Picture of wind turbine against blue sky

Open Access research with a real impact...

The Strathprints institutional repository is a digital archive of University of Strathclyde research outputs.

The Energy Systems Research Unit (ESRU) within Strathclyde's Department of Mechanical and Aerospace Engineering is producing Open Access research that can help society deploy and optimise renewable energy systems, such as wind turbine technology.

Explore wind turbine research in Strathprints

Explore all of Strathclyde's Open Access research content

A Raman spectroscopic study of pollution-induced glass deterioration

Robinet, L. and Eremin, K. and del Arco, A.C. and Gibson, L.T. (2004) A Raman spectroscopic study of pollution-induced glass deterioration. Journal of Raman Spectroscopy, 35 (8-9). pp. 662-670. ISSN 0377-0486

Full text not available in this repository. (Request a copy from the Strathclyde author)

Abstract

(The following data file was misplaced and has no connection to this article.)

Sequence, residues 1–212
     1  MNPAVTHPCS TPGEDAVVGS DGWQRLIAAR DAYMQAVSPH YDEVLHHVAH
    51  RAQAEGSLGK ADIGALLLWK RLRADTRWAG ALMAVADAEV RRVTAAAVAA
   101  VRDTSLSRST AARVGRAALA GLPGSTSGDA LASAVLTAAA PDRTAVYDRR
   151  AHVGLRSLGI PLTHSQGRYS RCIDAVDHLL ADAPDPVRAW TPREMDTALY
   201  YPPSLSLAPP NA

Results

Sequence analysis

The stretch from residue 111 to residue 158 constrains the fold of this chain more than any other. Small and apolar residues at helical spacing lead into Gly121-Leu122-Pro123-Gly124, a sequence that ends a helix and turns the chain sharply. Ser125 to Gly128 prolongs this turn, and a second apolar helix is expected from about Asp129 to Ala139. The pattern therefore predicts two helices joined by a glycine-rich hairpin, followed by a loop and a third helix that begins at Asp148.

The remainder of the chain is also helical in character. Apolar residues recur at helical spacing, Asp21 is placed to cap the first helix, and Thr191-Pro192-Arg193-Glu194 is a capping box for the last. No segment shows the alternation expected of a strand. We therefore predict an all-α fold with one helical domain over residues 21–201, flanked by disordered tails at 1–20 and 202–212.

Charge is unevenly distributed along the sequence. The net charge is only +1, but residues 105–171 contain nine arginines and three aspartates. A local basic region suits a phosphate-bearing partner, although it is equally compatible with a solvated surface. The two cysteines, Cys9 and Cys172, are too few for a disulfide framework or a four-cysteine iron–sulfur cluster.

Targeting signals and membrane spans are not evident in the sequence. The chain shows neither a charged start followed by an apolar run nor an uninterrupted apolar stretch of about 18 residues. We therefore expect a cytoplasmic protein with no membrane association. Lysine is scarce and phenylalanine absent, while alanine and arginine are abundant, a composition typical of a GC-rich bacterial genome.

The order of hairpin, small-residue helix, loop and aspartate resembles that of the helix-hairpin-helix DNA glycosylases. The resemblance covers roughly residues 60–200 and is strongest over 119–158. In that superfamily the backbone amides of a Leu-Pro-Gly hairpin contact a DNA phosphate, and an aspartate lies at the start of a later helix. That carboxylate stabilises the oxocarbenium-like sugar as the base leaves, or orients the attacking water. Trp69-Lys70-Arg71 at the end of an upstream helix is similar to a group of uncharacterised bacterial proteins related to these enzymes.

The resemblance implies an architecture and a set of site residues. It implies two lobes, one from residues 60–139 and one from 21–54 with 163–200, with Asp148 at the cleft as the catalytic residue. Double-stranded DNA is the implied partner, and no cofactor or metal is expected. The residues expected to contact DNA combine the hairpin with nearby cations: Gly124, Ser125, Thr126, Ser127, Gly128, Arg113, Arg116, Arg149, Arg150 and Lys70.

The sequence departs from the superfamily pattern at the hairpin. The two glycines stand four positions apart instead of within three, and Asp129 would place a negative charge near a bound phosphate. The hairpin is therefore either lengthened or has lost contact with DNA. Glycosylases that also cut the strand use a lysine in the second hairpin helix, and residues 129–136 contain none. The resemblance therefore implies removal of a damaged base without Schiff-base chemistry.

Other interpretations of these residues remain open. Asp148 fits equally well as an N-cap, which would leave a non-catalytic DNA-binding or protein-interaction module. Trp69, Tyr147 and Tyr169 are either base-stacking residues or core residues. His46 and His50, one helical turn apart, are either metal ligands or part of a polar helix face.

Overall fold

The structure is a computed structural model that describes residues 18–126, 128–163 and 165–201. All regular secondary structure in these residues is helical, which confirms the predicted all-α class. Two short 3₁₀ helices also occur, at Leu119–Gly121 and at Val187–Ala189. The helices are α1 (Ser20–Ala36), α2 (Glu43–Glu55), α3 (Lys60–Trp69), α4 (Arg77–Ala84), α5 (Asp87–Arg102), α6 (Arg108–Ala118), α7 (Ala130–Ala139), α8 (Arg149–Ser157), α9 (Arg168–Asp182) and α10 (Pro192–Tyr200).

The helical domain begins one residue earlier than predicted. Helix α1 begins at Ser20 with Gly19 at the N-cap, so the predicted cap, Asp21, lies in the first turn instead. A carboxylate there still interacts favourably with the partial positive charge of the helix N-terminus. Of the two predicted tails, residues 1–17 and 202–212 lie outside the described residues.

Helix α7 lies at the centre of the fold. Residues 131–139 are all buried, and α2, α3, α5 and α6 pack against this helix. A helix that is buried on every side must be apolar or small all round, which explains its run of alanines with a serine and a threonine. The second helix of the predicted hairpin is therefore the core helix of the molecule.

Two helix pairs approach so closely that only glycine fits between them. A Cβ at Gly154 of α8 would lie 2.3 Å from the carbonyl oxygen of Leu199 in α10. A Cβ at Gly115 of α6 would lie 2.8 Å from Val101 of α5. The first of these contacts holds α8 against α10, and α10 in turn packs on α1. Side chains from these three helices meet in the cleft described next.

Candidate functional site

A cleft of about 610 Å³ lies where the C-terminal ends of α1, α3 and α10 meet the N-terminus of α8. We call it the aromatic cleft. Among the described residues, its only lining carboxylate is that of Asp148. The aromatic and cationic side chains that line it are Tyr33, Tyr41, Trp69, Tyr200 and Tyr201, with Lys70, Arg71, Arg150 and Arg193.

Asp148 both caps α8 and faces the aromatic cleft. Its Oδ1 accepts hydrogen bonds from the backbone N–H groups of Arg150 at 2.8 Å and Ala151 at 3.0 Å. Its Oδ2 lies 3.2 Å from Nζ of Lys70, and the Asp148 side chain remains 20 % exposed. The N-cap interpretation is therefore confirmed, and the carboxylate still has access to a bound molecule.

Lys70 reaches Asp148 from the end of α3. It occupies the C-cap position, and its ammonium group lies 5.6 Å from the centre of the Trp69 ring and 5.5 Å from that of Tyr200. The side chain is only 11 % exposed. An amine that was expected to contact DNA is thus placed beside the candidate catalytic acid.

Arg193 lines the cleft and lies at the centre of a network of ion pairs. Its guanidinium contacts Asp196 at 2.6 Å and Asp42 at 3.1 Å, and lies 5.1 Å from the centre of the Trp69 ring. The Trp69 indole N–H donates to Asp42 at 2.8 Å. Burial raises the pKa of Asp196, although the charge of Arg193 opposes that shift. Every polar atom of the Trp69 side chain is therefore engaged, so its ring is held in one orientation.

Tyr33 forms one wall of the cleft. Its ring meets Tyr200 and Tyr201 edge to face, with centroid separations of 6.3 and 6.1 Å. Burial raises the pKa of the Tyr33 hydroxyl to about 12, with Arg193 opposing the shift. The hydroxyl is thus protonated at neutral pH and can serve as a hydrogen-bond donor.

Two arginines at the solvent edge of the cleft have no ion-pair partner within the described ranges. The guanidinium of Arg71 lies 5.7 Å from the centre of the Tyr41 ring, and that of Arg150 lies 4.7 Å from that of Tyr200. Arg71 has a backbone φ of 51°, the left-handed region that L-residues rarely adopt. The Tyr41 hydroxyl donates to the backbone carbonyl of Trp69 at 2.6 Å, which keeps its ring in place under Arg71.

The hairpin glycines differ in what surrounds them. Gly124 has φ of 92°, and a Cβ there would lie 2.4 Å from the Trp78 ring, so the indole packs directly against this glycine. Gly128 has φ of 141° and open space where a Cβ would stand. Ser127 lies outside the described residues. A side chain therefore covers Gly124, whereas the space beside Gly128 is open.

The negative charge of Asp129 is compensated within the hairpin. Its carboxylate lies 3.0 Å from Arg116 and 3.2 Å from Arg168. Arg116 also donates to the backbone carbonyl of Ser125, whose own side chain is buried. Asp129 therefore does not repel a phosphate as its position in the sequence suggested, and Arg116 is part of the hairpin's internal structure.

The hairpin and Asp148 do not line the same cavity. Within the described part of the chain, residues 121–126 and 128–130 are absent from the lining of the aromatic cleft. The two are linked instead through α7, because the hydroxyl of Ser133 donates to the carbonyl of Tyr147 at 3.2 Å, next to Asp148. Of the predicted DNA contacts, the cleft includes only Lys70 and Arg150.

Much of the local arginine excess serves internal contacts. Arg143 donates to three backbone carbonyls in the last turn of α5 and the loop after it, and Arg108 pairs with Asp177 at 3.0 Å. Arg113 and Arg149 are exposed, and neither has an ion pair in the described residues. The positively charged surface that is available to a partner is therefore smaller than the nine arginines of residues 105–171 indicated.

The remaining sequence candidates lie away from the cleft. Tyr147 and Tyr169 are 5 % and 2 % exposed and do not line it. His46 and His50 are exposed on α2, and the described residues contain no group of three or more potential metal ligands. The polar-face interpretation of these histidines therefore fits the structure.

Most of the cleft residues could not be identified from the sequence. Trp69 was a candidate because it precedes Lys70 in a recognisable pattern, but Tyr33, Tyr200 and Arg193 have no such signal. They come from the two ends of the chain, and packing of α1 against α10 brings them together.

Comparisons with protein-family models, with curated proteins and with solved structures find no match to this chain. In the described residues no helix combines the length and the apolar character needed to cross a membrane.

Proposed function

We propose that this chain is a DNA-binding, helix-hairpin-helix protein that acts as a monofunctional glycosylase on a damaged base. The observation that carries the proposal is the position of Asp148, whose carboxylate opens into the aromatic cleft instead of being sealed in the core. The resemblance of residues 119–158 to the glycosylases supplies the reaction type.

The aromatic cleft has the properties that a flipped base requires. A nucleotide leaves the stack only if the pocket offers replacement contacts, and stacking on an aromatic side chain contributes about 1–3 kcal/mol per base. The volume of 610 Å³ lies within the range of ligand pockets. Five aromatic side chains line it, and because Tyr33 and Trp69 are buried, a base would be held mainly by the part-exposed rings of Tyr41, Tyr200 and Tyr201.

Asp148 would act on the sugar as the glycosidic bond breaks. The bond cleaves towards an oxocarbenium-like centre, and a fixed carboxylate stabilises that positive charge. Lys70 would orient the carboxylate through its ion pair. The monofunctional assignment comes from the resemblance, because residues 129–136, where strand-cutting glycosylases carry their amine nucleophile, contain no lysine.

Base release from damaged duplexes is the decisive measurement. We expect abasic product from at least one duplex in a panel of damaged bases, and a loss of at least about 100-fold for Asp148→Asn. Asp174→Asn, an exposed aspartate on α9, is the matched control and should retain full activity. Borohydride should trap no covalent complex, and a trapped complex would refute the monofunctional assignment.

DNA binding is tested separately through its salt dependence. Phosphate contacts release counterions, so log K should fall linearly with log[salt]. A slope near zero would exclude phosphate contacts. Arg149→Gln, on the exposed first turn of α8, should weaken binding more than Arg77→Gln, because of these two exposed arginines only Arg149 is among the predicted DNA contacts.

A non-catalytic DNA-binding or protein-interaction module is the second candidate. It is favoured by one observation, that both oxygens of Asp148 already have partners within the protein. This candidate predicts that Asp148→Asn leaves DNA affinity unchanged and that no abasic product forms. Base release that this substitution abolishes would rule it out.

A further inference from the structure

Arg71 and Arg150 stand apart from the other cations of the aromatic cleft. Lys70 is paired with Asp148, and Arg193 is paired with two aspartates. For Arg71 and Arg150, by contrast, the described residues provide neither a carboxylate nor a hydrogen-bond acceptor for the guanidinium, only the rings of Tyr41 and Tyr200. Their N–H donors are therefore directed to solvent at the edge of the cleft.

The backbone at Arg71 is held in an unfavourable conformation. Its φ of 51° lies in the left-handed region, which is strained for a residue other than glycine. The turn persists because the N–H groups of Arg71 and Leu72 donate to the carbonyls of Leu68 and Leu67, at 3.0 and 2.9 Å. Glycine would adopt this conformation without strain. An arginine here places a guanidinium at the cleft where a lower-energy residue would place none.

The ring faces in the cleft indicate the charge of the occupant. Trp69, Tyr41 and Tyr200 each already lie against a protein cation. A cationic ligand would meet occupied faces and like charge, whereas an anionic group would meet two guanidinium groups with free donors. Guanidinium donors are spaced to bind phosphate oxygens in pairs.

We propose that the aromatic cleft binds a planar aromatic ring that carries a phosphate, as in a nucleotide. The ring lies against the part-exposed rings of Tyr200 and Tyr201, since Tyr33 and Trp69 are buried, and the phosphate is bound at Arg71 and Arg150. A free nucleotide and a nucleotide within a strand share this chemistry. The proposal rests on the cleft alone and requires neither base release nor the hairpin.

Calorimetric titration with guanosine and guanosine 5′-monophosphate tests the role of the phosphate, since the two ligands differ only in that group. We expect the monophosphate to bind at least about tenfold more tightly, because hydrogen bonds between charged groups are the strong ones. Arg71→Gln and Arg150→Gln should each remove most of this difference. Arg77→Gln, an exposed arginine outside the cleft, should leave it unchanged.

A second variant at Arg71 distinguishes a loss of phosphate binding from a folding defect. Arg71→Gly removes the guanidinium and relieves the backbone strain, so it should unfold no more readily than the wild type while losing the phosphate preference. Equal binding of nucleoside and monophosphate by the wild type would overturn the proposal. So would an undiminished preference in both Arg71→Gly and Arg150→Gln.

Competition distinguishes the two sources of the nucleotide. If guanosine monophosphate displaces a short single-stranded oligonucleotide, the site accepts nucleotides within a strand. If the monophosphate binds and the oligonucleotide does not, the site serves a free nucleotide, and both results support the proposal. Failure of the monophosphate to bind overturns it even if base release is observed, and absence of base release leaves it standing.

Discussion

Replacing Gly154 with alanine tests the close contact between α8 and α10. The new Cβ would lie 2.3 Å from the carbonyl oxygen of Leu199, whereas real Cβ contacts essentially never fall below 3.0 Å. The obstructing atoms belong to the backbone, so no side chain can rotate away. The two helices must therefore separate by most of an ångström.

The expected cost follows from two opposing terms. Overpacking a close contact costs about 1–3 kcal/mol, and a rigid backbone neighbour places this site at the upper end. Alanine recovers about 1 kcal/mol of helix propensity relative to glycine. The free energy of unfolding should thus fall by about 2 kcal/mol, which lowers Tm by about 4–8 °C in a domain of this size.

White crystalline deposits were present on a large number of 19th and 20th century British glass artefacts in the National Museums of Scotland collections. Analysis of these deposits by ion chromatography showed that sodium and formate were the dominant ions. Raman spectroscopy identified sodium formate anhydrate phase II as the main phase, with sodium formate phase I', sodium sulfate decahydrate and possibly potassium formate present at minor levels. Minor levels of sodium, chloride and potassium were detected by scanning electron microscopy, suggesting the presence of sodium chloride and potassium chloride. Elemental analysis of the glass artefacts by x-ray fluorescence spectrometry and electron microprobe analysis revealed that most artefacts had high levels of sodium or (more rarely) potassium and low levels of calcium. Measurements and simulation experiments showed that the degradation was caused by the combination of high levels of formic acid, and possibly formaldehyde, generated inside the display cases and storage cupboards and high relative humidity. This study shows that the combination of micro-Raman spectroscopy, ion chromatography and scanning electron microscopy is ideal for the analysis of glass corrosion products induced by pollutant gases.